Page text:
ESM Grad Ben Tuttle Becomes Second All-American At Cedarville

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A stress fracture in his leg derailed Ben Tuttle’s senior season on the cross country team at Cedarville University.

Lucky for him there’s such a thing as redshirting.

Tuttle, an Eastport resident and 2011 graduate of Eastport South Manor High School, returned to Cedarville for his fifth season as a redshirt senior to become the school’s second All-American runner by placing 16th overall out of 246 runners at the NCAA Division II Cross Country Championships at Missouri Southern State University in Joplin, Missouri, on November 21. He finished the 10K race in 30:08.50, a mile pace of 4:52. The top 40 finishers are considered All-American.

Tuttle earned a spot in the national meet after winning the Midwest Region title on November 7 in 30:35 at the University of Southern Indiana in Evansville. Soon after, Tuttle was named United States Track & Field and Cross Country Coaches Association Midwest Region Men’s Cross Country Athlete of the Year, to go along with Great Midwest Athlete of the Week honors.

According to Cedarville head coach Paul Orchard, through a release on the school’s athletic website, Tuttle ran with the front of the pack through the first half of the Division II Championship race, then the lead group started to pull away.

“After 6K, he said his breathing started to affect him,” Orchard said of Tuttle. “He was in a group of six runners for the last mile and that group stayed close until the last 400 meters.

“That’s the fastest he has run the 10K in cross country,” he added. “It was a great race for him and a gutsy effort to finish that high in the field. He was hoping to be in the Top 10, but 16th with that time is a great day.”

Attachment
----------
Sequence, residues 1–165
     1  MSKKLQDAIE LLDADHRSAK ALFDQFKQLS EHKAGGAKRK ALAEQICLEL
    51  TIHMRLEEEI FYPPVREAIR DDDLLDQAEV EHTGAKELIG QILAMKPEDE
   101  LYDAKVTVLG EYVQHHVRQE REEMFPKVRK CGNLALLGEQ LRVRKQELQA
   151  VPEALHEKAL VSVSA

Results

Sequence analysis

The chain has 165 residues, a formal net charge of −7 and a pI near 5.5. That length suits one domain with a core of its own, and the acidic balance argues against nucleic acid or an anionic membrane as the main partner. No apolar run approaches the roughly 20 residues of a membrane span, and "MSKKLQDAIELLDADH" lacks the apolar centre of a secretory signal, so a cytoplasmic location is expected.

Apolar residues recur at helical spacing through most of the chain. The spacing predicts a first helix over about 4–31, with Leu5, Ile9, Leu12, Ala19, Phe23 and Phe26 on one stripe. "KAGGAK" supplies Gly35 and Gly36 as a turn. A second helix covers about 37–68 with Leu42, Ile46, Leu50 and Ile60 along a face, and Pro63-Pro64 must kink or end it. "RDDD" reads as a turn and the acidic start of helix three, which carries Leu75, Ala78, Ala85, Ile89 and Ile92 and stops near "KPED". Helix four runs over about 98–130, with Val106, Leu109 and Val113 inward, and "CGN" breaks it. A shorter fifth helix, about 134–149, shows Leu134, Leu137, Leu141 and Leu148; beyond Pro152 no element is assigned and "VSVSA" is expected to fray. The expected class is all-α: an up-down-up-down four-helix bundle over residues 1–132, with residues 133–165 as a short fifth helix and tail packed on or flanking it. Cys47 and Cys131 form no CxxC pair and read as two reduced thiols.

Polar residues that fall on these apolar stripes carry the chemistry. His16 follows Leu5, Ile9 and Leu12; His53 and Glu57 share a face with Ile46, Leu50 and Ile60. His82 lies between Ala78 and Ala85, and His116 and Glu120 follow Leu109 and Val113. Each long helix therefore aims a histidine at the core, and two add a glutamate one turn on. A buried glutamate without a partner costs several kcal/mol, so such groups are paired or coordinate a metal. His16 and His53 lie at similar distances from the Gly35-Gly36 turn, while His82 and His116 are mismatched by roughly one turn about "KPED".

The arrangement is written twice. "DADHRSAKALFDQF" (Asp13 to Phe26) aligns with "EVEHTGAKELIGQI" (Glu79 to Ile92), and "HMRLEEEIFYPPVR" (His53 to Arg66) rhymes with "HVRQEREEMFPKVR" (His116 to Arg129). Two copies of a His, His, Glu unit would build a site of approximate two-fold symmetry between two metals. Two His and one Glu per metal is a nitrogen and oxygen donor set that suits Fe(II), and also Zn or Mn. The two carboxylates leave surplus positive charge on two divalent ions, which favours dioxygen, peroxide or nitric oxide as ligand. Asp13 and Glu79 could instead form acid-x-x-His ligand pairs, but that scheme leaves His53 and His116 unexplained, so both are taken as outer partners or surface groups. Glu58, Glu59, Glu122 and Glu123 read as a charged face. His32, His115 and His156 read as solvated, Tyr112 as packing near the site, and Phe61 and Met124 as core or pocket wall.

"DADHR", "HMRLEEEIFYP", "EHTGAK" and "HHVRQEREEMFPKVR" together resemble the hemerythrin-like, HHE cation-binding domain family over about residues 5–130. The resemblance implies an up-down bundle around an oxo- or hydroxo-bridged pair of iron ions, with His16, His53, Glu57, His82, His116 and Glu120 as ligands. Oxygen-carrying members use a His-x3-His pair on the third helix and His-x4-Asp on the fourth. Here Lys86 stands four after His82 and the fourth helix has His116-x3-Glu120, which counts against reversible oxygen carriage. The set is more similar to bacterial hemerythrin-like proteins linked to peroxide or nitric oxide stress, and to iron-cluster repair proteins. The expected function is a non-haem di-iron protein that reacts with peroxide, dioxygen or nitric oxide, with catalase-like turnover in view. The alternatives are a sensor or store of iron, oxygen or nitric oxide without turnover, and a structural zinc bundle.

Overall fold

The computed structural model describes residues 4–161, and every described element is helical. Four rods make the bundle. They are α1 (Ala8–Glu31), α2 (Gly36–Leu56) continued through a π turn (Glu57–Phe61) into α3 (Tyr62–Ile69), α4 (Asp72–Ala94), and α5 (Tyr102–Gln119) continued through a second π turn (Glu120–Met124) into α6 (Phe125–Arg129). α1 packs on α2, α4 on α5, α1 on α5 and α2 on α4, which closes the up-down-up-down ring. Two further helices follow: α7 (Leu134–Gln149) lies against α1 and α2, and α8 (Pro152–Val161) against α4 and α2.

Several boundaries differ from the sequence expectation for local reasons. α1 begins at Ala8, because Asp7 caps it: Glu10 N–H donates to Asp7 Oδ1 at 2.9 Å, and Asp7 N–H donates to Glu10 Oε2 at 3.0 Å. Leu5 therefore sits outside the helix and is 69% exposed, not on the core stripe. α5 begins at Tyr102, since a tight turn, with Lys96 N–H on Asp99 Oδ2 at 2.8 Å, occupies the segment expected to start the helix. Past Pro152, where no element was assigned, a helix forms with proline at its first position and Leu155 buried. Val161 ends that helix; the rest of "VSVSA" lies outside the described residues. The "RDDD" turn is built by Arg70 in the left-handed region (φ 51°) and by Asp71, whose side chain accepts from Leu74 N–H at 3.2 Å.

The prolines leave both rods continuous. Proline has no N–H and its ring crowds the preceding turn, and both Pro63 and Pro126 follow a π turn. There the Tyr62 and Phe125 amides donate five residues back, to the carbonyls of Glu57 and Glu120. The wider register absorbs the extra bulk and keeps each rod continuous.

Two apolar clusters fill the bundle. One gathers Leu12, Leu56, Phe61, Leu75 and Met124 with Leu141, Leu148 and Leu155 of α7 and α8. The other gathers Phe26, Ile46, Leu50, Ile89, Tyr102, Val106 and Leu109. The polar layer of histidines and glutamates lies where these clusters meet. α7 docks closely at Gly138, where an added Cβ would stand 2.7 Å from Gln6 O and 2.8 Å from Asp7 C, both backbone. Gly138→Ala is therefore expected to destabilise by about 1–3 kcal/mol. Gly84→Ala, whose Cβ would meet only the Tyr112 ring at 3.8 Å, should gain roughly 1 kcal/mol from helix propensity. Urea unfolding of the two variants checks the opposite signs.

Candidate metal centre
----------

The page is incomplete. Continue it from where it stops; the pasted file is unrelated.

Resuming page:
Tuttle joined former teammate Matt Brooker as the only other Cedarville runner to reach All-American status. Brooker accomplished the feat in 2013 after having just missed qualifying with a 41st-place finish in 2012. Tuttle said that witnessing Brooker become an All-American helped him.

“It’s good to have someone go before you, setting a high standard of achievement,” he said. “It helped me realize that anybody, if they train hard enough, can get to that level.”

What also helped was a cross-country bike ride that Tuttle and three of his fellow Cedarville graduates completed this past summer in which they went from Cape Alava, Washington, to the Montauk Point Lighthouse in nearly two months. That trip was used as sort of a training for the cross country season and it worked, Tuttle said.

“The bike trip allowed me to train and not put too much strain on my legs,” he explained. “I don’t know, but for whatever reason my shins can’t handle a lot of miles, so my coach thought it was beneficial to stay off of my legs over the summer. Biking isn’t the same as running, but I was still able to keep in shape by biking all of those miles.”

Tuttle still has indoor track eligibility as a redshirt senior and that season starts next month. After that, since he doesn’t have outdoor track eligibility, Tuttle, who is going for his masters in ministry now at Cedarville, will return home for an internship at the Eastport Bible Church that will give him the last few credits he needs for his degree. He then plans on going into the workforce and putting his bachelor’s degree in engineering to good use.

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